6. Keep a Journal: If you are having an emotional food craving, write your feelings and issues down on paper instead of eating. You can keep a journal on your emotional patterns and try to find ways to tackle them. Psychologically, when we see something on paper, it becomes more clear. So instead of burying your issues in food, try to find ways to solve them. You might want to call a counselor to assist you with the necessary steps.
Some people actually eat less during emotional stress. On the reverse side, not eating during tough times can cause other health problems, such as vitamin deficiencies, a decrease in bone density, and stomach acid issues.
So what is habitual eating? Habitual eating is something we do out of pure habit, and most of the time we don’t even realize we are doing it. As explained earlier, we relate certain foods to certain events. Another example of habitual eating is consuming popcorn at the movie theater. Even if we are not hungry, it is just something most people want to eat at the movie theater. How about when you watch your favorite shows at home at night? You might relate certain snacks to television nights. Habitual eating is repeated many times though; it is a pattern. These patterns become fixed in the brain. And most of the time, we are not even hungry. Habitual eating can cause weight gain, which can cause feelings of guilt and eventually health issues.
Habitual eating can also be traditional. For example, Italians eat large meals on Sundays, and Latin cultures consume a lot of rice and beans. So the portions of food can be habitual. These large portions of food can cause weight gain and bloating. Are we really hungry for those larger portions? Have you ever finished your plate even though you were already full half-way through your plate of food? That is a habit as well. If we can control these portions, we can control our mind and prevent weight gain.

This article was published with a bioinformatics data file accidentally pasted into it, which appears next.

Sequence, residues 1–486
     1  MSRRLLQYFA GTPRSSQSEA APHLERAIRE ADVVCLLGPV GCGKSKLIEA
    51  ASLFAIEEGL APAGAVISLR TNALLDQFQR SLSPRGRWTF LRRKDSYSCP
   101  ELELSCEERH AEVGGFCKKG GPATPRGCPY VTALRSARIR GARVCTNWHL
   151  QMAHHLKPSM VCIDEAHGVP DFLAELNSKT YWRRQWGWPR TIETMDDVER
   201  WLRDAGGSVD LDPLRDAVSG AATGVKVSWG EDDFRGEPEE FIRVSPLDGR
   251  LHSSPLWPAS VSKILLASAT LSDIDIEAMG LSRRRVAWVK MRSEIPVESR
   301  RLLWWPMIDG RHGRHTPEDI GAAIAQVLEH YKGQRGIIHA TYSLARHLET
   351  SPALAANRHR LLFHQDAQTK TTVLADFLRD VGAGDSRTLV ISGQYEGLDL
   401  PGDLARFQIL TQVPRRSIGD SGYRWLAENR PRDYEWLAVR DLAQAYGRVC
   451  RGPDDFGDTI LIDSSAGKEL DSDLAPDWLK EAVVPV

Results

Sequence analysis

Here are some ways to break habitual eating:
1. Food Exchange: If you usually eat popcorn or other non-nutritious snacks at the movies, bring your own snacks instead! Bring something more nutritious like fruit, yogurt, dried fruit, pretzels, whole wheat crackers, peanut butter sandwich, granola bar, protein bar, a smoothie, or nuts. Try the same healthy eating when watching television at night.
2. Portion Control: If you cook traditional foods, use a smaller plate (like a salad plate), instead of a large dinner plate.
3. Redirection: Before you eat something out of habit, ask yourself if you are actually hungry. A lot of times habitual eating is not because you are physically hungry. An example of this is having a donut with your coffee. Some people cannot drink coffee unless they eat something sweet with it, even if they are not really hungry. So if you are not actually hungry, redirect yourself to an activity instead of eating. An activity doesn’t always have to be active, it could be relaxing too. Relaxing activities are reading a book, drawing, sewing, and playing a board game.
4. Break the Habit: If you have a habit of stopping at a 711 store or a deli (or someplace where you buy a favorite snack or fast food), take another route home! Carry nutritious food with you in the car so that you don’t make those habitual stops.
Emotional and habitual eating can be very satisfying, but only temporarily. If you can train your brain to think that way, you might think twice about eating when you are not actually hungry. Trying to solve your issues will help as well! If you have any questions regarding this topic, please feel free to email me at email@example.com. Have a happy and healthy week!
National Health & Wellness Club (1999). Food for Health & Healing, Special Edition. Meredith Corporation: Des Moines, IA